The Coppell Lions recently were involved in the 2013 Sports Extravaganza held at Nimitz High School in Irving October 18-19. The event is held annually for visually impaired athletes from Texas and other states. It allows competition in Paralympic-like games, track and field and other sports. Some 300 athletes came and participated in the events sponsored by the Lions Clubs in Districts 2-X1 and 2-E2, along with the Region 10 Education Service Center.
The Coppell Lions Club was well represented and sponsored a Goalball team on Friday night that ended up winning a gold medal in their division. The sport, which is popular among the sight-impaired is played in an area about the size of a regulation volleyball court. Teams of three score points by rolling a special ball into the opponent's net that lie at either end of a playing area about the size of a regulation volleyball court. The ball used has eight small holes and contains bells for the players to locate. On either side of a center line, there is a neutral area. Just in front of each goal is a landing area. Once the referee calls "play," the offense has 10 seconds to throw the ball toward the opposite goal. If the ball isn't thrown in that time it is a penalty. If the ball doesn't contact the neutral and landing areas, a penalty is also incurred. The defense tracks the ball by sound an attempts to block the ball from entering the goal. All players must wear eyeshades that block vision.
The sport came into existence in the mid 1940s to help rehabilitate soldiers that had lost part or all of their sight in World War II. Its popularity grew as an excellent outlet for physical exercise and social interaction. Goalball became a sport in the Paralympics in 1980, and has grown to hundreds of thousands of athletes in over 100 countries. Lions Clubs worldwide embrace the sport as part of their dedication to service to the visually impaired.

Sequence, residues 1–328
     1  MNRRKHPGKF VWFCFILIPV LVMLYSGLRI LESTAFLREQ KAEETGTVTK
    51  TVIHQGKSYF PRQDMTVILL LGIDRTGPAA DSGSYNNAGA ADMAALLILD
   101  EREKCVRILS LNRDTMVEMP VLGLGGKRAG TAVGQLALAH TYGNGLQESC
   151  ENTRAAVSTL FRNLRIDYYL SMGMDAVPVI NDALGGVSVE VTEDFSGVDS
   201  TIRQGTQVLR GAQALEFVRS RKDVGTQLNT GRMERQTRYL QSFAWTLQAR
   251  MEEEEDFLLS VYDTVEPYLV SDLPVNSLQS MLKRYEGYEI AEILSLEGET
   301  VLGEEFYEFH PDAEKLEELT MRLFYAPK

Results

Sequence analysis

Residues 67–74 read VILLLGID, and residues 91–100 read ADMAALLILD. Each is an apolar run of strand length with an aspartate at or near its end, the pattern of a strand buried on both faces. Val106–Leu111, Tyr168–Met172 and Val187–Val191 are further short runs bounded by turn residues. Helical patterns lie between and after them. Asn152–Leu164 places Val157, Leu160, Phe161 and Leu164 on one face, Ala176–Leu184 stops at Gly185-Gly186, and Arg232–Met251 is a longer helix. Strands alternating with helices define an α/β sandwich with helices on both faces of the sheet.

The Coppell Lions sponsored team, nicknamed the Firecrackers, were a group of under 12 boys and girls from Plano. They won a gold medal in the beginner division. One inspiring member was both deaf and visually handicapped so he had to play with a coach giving him signals by touch and his own sense of orientation as to where he was and which way he was facing.
"We had a lot of fun and the players really got into it. You can't say enough about their spirit and their attitude. It really makes it all worthwhile," Lion Bill Smothermon said.
Other Lions Club members helped with outside activities that included track and field events such as beep-baseball. tennis ball Throw, T-Ball Strike, archery, shot put, discus, standing long jump, running long jump, geocaching and golf hitting for distance.
"When it comes right down to it, it's heartwarming to see these athletes able to enjoy themselves in a competitive setting and for the kids, it's fun to see their great sense of accomplishment," said Melinda Helsley, Coppell Lions Second Vice President.